SARAJEVO (Reuters Life!) - Around 3,000 Bosnians sat in silence through a screening of “Storm,” an English-language thriller about the trial of a fictional Serb war criminal which they said exposed some of the pitfalls of international justice.
Storm features New Zealand’s Kerry Fox as a determined prosecutor at the International Criminal Tribunal for the former Yugoslavia (ICTY) in The Hague who struggles against Serb nationalists, Brussels bureaucrats and the pressures of time.
Her case is in danger of collapsing when the court rejects a new witness to rapes allegedly committed by the suspect, bowing to pressure from officials in Brussels who are lobbied by Serb nationalists.
“To me, as a Bosnian, it was extremely important to see the way the tribunal functions,” said Eldina Jasarevic, a university teacher, after the weekend screening.
“The film gave me an insight into the behind-the-scene games and made me understand for the first time how the court bargains. It shattered many illusions I had about justice.”
German director Hans-Christian Schmid said the film was fictional, but included elements of cases he had studied.
He admitted he was nervous presenting the movie at the Sarajevo Film Festival, where most in the audience had lived through the 1992-95 war at the center of the plot.
Reaction was generally positive in Muslim-dominated Sarajevo, badly shelled during the Bosnian Serb siege leaving its inhabitants short of food, electricity and water.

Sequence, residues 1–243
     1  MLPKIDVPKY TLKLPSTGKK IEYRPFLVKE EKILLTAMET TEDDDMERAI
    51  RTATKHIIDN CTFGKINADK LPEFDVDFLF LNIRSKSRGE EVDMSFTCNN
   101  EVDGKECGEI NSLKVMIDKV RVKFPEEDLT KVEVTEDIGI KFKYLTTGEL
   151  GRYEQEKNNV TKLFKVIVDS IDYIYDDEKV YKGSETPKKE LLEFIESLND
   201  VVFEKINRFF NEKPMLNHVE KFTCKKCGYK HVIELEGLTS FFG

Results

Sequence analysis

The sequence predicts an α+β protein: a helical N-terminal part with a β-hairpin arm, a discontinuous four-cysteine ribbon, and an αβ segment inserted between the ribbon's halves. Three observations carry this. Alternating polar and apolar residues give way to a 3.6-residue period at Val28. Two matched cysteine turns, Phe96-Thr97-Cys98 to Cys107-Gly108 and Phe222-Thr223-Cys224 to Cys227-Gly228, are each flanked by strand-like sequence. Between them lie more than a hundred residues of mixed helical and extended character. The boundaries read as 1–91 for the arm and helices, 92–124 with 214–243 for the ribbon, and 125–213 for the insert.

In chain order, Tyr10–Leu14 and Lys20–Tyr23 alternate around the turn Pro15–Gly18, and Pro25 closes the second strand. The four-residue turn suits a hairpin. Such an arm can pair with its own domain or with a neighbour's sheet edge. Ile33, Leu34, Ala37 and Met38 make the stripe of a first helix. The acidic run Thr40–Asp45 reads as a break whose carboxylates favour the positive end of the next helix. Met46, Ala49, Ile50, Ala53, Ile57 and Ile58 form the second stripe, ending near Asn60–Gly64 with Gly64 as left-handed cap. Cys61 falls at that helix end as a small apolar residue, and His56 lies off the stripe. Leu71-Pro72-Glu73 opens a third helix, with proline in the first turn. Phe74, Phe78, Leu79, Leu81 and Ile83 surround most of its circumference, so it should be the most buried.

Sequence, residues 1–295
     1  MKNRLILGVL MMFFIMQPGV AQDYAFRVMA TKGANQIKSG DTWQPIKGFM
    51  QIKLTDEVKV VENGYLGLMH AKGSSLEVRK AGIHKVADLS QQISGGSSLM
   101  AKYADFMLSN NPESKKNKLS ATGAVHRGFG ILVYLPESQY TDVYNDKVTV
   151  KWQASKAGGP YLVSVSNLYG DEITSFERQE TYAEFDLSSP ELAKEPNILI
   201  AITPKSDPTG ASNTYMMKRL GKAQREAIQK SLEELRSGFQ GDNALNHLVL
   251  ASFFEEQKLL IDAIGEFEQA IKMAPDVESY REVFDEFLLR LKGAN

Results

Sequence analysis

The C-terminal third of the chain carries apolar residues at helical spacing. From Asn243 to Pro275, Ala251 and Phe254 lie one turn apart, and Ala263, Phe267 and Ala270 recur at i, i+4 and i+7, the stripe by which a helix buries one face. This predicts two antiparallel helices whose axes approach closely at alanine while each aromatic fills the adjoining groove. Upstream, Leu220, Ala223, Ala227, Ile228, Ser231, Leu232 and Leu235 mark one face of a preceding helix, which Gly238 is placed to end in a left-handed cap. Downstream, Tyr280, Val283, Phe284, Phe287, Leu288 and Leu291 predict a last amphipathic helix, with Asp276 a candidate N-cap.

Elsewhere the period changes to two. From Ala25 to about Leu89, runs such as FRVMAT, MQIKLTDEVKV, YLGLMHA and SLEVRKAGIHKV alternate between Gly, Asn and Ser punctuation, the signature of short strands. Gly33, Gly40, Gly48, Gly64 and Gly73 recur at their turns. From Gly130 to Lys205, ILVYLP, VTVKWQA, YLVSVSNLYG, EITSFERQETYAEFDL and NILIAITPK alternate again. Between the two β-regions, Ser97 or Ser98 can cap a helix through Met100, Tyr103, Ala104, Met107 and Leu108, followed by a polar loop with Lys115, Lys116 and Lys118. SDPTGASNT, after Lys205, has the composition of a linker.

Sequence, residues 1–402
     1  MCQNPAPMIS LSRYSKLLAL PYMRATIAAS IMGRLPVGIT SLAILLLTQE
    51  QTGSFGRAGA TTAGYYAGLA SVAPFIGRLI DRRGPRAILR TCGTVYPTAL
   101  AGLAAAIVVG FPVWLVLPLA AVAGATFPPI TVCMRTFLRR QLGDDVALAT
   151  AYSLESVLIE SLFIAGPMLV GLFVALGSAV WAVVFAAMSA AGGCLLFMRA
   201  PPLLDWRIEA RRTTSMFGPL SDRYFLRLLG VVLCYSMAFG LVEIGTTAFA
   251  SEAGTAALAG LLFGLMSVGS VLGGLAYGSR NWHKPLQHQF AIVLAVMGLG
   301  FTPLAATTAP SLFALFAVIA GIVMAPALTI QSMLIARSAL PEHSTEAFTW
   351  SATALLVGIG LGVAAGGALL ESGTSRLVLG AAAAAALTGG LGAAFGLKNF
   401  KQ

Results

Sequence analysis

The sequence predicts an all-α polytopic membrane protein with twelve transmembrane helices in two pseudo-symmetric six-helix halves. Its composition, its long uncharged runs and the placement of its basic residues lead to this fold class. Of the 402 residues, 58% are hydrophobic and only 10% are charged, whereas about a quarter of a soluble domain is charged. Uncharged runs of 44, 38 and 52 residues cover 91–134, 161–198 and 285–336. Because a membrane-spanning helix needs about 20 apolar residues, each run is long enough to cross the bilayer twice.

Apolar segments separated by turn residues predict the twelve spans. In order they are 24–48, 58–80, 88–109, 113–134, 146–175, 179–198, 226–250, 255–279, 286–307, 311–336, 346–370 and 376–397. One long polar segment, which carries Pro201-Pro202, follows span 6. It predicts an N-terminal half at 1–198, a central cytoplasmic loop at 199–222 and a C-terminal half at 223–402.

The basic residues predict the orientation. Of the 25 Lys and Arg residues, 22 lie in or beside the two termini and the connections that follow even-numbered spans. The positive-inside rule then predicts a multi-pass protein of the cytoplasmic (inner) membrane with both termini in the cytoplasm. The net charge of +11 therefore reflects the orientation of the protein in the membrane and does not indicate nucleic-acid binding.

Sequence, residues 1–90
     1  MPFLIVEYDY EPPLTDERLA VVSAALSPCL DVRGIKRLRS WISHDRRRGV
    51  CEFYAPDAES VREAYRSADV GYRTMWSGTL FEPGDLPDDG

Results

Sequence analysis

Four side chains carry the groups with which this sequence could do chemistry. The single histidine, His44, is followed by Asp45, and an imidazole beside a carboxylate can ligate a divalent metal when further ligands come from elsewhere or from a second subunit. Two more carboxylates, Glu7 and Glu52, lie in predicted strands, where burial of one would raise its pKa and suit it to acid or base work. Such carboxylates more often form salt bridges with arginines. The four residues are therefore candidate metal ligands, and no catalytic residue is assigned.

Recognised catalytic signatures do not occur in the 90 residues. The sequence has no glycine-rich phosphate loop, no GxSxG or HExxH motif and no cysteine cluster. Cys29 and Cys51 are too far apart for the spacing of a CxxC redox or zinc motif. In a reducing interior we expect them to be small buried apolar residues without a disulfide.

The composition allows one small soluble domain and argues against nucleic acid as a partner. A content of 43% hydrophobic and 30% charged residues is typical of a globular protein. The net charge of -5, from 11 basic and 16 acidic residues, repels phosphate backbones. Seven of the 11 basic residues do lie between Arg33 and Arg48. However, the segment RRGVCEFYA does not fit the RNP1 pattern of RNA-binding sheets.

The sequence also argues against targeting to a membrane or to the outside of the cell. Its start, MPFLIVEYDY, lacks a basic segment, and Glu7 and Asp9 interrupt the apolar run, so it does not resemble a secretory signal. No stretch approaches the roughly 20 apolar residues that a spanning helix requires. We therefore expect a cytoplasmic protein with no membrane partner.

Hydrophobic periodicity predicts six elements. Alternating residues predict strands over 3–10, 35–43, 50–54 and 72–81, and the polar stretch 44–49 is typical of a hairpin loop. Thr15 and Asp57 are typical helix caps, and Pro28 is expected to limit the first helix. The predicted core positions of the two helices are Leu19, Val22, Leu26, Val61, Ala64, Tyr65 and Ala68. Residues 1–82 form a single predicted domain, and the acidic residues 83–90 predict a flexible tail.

“I was very nervous presenting the film here,” Schmid told Reuters in an interview.
“You know that people who are going to see the film have lived through experiences, that they know more than you know.”
Nidzara Ahmetasevic, editor of the Justice Report covering war crimes trials in The Hague and Bosnia for the Balkan Investigative Network (BIRN) media organization, said the movie underlined how politics could derail justice.
“This film has shown in a very honest way, and I think for the first time in this format, how much the Hague tribunal is a political institution,” she said.
“It sent a very important message — that justice and law are not always on the same side, and that justice often depends on politics and many other elements.”
A screening of Storm in The Hague in July coincided with the tribunal sentencing of Bosnian Serb paramilitary leader Milan Lukic, elements of whose case Schmid used in the film, to life in prison.
Lukic was convicted of killing at least 119 Bosnian Muslims — many of them burned alive — early in the war. But, according to Schmid, he was not charged for rapes he has been accused of.
“What happened after the shooting of the film, in Lukic’s case the prosecution wanted to come up with new witnesses about the rape and the judges said no more,” Schmid said.
“That, for us, was a kind of confirmation that we were dealing with the right issues. That meant a lot to us.”
After Lukic’s conviction Bakira Hasecic, president of support group ‘Women-Victims of War’, said she hoped Milan Lukic and his cousin Sredoje Lukic — who were both convicted in The Hague last month — would be tried by Bosnia’s own war crimes court for rapes and torture.
“They only concentrated on the gravest crimes but it is only five percent of all the crimes they committed,” said Hasecic, herself a rape victim during the war.
Schmid added that he would like to show the film in the Serb region of Bosnia, where reaction may be very different.
“The showing of the film in Banja Luka would be very interesting. What do they feel about what we are trying to say about Republika Srpska?”
Editing by Mike Collett-White and Paul Casciato